Physicians and the employee conundrum

I used to loathe being an employee. I felt like I was always a slave to the whims of my employer. Exposed. So it was with great excitement that I started a business of my own. Yet, it took only a short period of time to realize that being your own boss carried it’s own perils. The buck stops with you. And so does the revenue. The master solution, I figured, was financial independence. But even now in half-retirement, I realize that risk abounds. Without a stable source of income, I could become a victim of the unforeseen. The unexpected. Thus, I have come to the conclusion that life is risk.

We can’t avoid it. Sure, you can try to minimize. We can risk mitigate. But the simple fact remains: Whenever there is choice, there are consequences. Some good. Some bad. It’s a roll of the dice.

The employee conundrum

We hem and haw about being employees. We feel tied down by the man, strapped to a desk. We are a victim of the worse type of risks. An unfair boss can radically change our job description. Hours can unfairly be restricted or expanded beyond our control. We can get fired. Often at will. Even if we are doing everything right.

We forget, however, that businesses take huge risks by employing us. They shell out all the costs of recruitment, hiring, and training. They may cover health insurance or other perks that can be costly. The worst that can happen to an employee is that they get fired. A business, however, is always at risk for destruction due to aggressive competitors, poor management, or a change in the market.

Being an employer is innately risky also. Life is risk.

Going it alone

I quickly found, that in medicine, I was much more likely to be able to have control of both my time and my cash flow by starting my own practice. This felt quite empowering. A lowering of risk, so to speak. There would be no boss telling me how much or when to work. No machinations by some administrator cutting my authority or threatening to fire me.

Sounds great. And it was. But suddenly I was taking on huge amounts of risk and responsibilities that I had never thought about. At the blink of an eye, it was my behind that was on the line if business dried up. Or if the hospital decided to refer patients to another provider, I had no clout to stand up and fight.

I now had employees. And health insurance to cover. And overhead. I had jumped out of one difficult situation and into another. Life is risk, and it didn’t just go away because I was my own boss.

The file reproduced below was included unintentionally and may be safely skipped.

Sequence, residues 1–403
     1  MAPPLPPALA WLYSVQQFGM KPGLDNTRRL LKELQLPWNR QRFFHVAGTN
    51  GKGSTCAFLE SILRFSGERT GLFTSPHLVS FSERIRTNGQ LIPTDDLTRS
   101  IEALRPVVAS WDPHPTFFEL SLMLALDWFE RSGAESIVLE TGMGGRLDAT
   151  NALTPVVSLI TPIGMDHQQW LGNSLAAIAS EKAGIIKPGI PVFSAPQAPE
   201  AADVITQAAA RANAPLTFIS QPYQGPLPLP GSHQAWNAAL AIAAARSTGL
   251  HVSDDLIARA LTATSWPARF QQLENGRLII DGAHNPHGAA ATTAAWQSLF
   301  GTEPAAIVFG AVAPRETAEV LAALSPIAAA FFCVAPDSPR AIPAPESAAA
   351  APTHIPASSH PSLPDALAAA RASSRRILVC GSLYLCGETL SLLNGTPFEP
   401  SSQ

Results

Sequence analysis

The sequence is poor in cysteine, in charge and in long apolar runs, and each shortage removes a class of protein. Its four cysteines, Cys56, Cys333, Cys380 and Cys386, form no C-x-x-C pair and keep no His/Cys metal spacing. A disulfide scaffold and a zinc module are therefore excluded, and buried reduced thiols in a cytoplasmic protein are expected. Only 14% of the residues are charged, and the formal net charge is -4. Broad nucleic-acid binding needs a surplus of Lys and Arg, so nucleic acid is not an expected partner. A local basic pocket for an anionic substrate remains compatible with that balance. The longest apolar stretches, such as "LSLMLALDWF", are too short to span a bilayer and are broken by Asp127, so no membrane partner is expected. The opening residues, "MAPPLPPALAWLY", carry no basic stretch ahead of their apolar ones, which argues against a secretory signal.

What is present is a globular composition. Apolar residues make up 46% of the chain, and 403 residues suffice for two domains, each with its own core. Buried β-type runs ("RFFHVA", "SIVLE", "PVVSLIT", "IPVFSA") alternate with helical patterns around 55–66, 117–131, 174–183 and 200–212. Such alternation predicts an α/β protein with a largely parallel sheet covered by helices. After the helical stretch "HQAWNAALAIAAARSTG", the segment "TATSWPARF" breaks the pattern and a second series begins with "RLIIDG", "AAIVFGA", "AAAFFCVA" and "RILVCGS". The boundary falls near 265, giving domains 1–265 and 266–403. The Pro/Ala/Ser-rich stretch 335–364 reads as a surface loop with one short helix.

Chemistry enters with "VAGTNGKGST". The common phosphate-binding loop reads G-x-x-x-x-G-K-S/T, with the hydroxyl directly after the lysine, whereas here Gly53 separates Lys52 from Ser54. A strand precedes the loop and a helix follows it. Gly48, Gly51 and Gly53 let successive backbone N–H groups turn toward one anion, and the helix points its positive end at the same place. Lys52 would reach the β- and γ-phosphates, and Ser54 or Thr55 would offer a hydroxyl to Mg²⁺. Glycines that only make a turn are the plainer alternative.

Financial independence and (half) retire early

As the stress of practicing medicine and owning my own business started to wear on me, I made one last grasp to control the uncertainty in life. Financial independence is the ultimate risk management strategy. By securing my financial future, I could release myself from the bonds of employment, as well as the peril of owning my own business.

Nothing could touch me in financial independence. Except sequence of returns risk. Except a black or white swan event like a health scare. What if the market goes up? What if the stocks go down? Could a few bad rental market years dry up my cash flow?

Even in financial independence, there were still demons waiting behind every hidden corridor.

Final thoughts

Life is risk. When there is choice, there is the possibility of choosing incorrectly. We love to think that we can make this risk disappear by changing our situation.

But we can’t.

We can risk mitigate. We can protect ourselves against the knowable and the forseeable. More importantly, we can make choices not out of fear but in keeping with our needs and beliefs. Those who enjoy being employees, and bask in what to them feels like a risk-free environment should continue.

Those who feel stuck under the yoke of the man, and need room to grow and breath, should start their own businesses.

And those who want the choice to do neither, but are comfortable with riding the tide (and risks) of their hard earned savings, should pursue financial independence and retire early.

“DocG” is a physician who blogs at DiverseFI.

Image credit: Shutterstock.com

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